Robinhood, a top investment platform for the next generation, has restricted trading certain shares of firms that have been targeted by trading forums on Reddit. Members of certain forums like Wallstreetbets, with 4.5 million members, have targeted listed firms that are highly shorted by hedge funds to create short squeezes driving share prices higher.
According to a blog post, Robinhood is restricting transactions for certain shares to position closing only, including $AMC, $BB, $BBBY, $EXPR, $GME, $KOSS, $NAKD and $NOK. Margin requirements have been increased for certain securities as well.
Robinhood also raised margin requirements for certain securities.
Meanwhile, Robinhood is taking heat for changing rules as retail crushes the pros. Dave Portnoy, founder of Barstool Sports, slammed Robinhood in multiple tweets.
— Dave Portnoy (@stoolpresidente) January 28, 2021
Some called for a class action lawsuit targeting Robinhood as it changes rules impacting traders who are ostensibly not breaking any regulations or securities law.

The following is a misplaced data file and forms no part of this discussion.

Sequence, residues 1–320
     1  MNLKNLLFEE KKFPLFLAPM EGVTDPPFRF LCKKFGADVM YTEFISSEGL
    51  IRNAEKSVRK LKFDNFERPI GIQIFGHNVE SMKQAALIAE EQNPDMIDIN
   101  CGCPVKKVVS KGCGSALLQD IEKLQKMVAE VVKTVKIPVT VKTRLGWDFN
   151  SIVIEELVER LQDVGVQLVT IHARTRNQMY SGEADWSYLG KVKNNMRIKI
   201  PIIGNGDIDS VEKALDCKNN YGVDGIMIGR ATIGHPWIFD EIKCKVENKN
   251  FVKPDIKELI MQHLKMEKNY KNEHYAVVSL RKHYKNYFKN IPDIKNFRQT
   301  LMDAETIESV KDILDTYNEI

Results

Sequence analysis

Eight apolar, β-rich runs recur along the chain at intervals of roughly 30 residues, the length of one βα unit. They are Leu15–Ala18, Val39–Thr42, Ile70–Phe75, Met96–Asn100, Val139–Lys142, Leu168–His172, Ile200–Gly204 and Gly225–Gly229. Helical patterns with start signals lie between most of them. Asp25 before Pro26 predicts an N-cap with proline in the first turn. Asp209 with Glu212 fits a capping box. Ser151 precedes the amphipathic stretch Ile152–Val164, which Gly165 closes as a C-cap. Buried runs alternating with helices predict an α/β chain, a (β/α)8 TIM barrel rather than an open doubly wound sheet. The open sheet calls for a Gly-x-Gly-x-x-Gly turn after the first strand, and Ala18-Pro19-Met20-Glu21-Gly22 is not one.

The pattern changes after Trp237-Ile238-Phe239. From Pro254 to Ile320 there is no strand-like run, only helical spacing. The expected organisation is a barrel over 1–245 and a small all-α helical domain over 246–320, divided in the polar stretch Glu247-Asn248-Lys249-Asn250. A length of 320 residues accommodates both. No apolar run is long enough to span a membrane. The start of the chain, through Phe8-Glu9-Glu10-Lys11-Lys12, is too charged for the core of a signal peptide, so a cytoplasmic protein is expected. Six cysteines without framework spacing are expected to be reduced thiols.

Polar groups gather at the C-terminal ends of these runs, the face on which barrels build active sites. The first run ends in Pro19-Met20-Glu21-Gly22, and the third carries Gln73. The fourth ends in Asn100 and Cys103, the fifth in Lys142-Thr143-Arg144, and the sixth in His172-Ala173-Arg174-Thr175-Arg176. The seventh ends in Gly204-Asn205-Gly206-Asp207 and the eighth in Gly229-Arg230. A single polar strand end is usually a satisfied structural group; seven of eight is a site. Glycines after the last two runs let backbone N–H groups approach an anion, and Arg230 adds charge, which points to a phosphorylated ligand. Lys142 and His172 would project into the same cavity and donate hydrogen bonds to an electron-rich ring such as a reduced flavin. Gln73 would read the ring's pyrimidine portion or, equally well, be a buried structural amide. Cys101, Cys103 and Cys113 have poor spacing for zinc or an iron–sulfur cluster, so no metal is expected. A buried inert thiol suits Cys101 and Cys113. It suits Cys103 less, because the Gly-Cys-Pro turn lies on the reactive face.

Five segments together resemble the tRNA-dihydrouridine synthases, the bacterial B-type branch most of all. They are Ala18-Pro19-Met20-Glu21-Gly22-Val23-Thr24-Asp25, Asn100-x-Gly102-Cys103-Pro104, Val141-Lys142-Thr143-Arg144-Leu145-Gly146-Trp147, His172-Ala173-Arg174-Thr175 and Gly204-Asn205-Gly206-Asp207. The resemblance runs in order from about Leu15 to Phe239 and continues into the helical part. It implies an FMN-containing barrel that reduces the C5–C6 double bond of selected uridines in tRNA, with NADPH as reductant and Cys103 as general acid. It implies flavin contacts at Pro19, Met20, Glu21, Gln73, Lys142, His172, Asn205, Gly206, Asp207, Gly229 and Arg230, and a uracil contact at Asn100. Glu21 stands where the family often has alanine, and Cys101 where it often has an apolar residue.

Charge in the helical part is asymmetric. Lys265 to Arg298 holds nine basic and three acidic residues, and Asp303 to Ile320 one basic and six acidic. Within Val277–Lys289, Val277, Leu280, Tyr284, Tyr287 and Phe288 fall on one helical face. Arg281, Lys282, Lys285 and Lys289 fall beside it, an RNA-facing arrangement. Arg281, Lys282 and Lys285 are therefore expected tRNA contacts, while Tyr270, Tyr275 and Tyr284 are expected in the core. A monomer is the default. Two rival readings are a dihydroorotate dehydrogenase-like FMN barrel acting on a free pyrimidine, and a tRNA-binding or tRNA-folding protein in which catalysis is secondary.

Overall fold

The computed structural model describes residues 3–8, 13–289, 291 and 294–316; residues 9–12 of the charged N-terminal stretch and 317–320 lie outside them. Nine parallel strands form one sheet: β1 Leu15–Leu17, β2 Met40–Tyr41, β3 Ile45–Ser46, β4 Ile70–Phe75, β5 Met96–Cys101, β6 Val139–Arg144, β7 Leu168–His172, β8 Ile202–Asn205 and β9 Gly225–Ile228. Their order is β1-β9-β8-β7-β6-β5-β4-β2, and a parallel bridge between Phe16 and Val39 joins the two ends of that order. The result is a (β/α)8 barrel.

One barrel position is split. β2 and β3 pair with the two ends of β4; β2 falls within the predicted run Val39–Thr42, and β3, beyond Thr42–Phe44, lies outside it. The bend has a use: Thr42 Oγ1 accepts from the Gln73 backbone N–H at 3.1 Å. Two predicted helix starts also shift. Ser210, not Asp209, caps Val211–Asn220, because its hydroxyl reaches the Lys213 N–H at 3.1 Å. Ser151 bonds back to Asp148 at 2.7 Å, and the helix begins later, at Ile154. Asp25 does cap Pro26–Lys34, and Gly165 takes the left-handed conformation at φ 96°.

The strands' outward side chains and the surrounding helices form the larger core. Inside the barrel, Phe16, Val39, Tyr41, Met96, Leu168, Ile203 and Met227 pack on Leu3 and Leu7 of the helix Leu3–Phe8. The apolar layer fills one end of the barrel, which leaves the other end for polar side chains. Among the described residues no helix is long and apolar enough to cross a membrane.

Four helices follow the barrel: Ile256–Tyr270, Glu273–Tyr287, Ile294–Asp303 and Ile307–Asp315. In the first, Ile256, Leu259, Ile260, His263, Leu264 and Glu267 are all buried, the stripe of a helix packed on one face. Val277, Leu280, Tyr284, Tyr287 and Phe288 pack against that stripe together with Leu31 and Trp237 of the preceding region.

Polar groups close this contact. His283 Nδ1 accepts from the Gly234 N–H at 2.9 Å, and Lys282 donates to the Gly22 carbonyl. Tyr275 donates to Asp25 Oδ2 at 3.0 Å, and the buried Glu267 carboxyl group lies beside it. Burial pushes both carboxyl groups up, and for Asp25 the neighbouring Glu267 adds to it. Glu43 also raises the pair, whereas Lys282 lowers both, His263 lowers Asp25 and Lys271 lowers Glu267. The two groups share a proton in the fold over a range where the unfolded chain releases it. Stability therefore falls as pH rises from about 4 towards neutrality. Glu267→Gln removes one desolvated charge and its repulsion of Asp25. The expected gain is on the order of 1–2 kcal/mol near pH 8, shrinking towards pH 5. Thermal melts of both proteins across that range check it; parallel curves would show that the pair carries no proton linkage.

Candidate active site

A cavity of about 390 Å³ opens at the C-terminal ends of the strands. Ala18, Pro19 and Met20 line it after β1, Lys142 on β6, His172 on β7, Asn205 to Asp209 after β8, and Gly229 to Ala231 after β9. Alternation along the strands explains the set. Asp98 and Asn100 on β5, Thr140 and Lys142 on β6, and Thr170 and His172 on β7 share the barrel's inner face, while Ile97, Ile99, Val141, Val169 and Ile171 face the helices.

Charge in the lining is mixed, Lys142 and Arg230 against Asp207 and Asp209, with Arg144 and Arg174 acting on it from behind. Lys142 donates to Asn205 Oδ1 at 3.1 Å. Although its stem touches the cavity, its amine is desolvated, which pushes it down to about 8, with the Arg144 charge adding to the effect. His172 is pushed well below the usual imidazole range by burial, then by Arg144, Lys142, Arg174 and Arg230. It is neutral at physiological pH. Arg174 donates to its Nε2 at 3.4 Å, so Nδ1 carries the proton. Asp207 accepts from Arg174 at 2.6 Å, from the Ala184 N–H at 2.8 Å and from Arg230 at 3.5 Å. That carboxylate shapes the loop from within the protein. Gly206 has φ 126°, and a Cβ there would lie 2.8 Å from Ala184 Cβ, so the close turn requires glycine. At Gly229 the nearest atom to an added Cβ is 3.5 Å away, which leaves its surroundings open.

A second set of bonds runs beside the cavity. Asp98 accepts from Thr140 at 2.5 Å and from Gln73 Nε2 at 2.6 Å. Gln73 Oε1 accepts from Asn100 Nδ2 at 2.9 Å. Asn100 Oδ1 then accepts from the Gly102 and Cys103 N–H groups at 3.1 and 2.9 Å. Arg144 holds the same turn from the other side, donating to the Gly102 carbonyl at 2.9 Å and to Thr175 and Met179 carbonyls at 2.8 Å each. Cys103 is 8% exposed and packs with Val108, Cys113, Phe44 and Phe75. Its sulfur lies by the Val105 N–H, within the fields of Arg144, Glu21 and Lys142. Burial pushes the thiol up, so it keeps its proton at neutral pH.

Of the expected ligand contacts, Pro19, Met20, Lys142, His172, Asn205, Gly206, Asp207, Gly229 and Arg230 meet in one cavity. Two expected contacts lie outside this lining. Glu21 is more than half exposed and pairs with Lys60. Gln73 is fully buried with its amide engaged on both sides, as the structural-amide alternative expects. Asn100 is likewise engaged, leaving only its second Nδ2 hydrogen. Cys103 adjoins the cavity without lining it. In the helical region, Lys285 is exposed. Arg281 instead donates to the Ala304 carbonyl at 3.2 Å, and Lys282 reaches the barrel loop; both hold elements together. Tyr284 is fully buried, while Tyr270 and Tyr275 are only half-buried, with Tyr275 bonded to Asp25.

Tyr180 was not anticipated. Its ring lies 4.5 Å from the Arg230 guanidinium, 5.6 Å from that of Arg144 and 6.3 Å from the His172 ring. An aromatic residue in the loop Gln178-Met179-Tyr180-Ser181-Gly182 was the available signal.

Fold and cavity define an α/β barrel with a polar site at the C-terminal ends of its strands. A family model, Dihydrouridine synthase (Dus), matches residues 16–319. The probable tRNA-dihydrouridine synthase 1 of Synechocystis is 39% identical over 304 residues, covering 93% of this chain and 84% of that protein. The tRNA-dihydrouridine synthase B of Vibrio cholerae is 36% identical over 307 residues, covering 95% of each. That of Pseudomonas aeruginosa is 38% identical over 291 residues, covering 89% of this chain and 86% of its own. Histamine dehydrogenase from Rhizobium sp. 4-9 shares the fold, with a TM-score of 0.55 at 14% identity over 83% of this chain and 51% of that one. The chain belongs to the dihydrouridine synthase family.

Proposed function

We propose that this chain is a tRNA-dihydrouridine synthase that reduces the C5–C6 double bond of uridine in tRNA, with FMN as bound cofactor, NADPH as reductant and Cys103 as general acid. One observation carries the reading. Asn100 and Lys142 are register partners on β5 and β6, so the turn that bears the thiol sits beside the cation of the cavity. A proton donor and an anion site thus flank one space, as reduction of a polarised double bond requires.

— Pulte (@pulte) January 28, 2021
The change of fortune for impacted hedge funds holds a bit of irony. Talking about Redditors on CNBC yesterday, Chamath Palihapitiya, founder of Social Capital, said that shares in Gamestop (NYSE:GME) were sold short by 136% or hedge funds were selling more shares than existed. Naked shorting is against current rules.
give this a listen. @chamath sticks the knife in turns it. https://t.co/7XM4g0fRfs
— Casey Neistat (@Casey) January 27, 2021
The extreme market volatility caused the Securities and Exchange Commission to issue the following statement:
“We are aware of and actively monitoring the on-going market volatility in the options and equities markets and, consistent with our mission to protect investors and maintain fair, orderly, and efficient markets, we are working with our fellow regulators to assess the situation and review the activities of regulated entities, financial intermediaries, and other market participants.”
Much of the commentary by newsreaders swirls around investor protection concerns yet it is fairly apparent that Redditors understand the music can stop causing a rapid decline in value. So who requires protection? The pros or the retail types? Right now, the hedge funds are the big losers.
While pumping shares is interesting to watch a longer concern could be of regulatory action that will stifle retail access to regulated markets. Not a foregone conclusion but a possibility.
Meanwhile, shares in Gamestop were briefly halted in trading and are now trading around
$350/share $385/share its all-time high and up quite a bit from 6 months ago when it was trading at around four bucks a share.